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Title: Knudsen cell studies of the uptake of gaseous ammonia and amines onto C3–C7 solid dicarboxylic acids
While atmospheric particles affect health, visibility and climate, the details governing their formation and growth are poorly understood on a molecular level. A simple model system for understanding the interactions between the gas and particle phases is the reaction of bases with acids, both of which are common constituents of atmospheric particles. In the present study, uptake coefficients for the reactions of gas phase ammonia, methylamine, ethylamine, dimethylamine and trimethylamine with a series of solid dicarboxylic acids (diacids) were measured at 296 ± 1 K using a Knudsen cell interfaced to a quadrupole mass spectrometer. The uptake coefficients ( γ ) for a given amine follow an odd–even trend in carbon number of the diacid, and are larger for the odd carbon diacids. Values range from γ = 0.4 for ethylamine on malonic acid (C3) to less than ∼10 −6 for ammonia and all amines on adipic (C6) and pimelic (C7) acids. Basicity or structure of the amines/ammonia alone do not explain the effect of the base on uptake. The crystal structures of the diacids also play a key role, which is especially evident for malonic acid (C3). Evaporation of aqueous mixtures of amines/ammonia with odd carbon diacids show the formation of ionic liquids (ILs) or in some cases, metastable ILs that revert back to a stable solid salt upon complete evaporation of water. The trends with amine and diacid structure provide insight into the mechanisms of uptake and molecular interactions that control it, including the formation of ionic liquid layers in some cases. The diversity in the kinetics and mechanisms involved in this relatively simple model system illustrate the challenges in accurately representing such processes in atmospheric models.  more » « less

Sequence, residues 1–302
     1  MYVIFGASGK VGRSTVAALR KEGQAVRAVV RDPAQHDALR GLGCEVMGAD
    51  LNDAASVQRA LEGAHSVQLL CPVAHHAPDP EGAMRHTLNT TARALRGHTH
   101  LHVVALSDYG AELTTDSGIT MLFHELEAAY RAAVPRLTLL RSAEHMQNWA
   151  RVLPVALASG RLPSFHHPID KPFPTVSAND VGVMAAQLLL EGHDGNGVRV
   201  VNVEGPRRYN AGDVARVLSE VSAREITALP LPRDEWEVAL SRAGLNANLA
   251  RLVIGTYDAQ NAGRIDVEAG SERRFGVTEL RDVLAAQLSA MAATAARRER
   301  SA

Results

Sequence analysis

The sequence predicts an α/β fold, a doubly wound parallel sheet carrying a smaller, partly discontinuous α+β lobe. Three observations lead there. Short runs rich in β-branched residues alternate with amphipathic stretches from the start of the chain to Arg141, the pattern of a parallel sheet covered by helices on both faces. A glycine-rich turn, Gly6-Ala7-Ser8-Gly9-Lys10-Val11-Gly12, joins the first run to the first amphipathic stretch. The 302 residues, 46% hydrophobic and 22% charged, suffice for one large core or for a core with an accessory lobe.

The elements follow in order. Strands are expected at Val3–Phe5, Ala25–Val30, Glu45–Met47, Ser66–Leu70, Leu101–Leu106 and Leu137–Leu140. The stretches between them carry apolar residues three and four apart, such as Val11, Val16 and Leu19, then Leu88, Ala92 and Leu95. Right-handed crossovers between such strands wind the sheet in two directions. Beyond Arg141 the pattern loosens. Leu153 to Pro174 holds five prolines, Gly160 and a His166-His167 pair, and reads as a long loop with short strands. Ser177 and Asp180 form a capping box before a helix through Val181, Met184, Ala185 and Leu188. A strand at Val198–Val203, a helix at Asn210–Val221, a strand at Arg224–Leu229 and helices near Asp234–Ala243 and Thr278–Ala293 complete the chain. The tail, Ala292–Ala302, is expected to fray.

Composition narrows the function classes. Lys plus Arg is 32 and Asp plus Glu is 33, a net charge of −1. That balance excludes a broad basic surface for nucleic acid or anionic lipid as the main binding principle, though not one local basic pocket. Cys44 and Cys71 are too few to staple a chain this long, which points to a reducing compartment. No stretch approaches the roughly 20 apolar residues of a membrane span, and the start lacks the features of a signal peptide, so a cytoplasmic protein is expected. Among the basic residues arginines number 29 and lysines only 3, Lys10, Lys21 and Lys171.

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Phys. Chem. Chem. Phys.
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National Science Foundation
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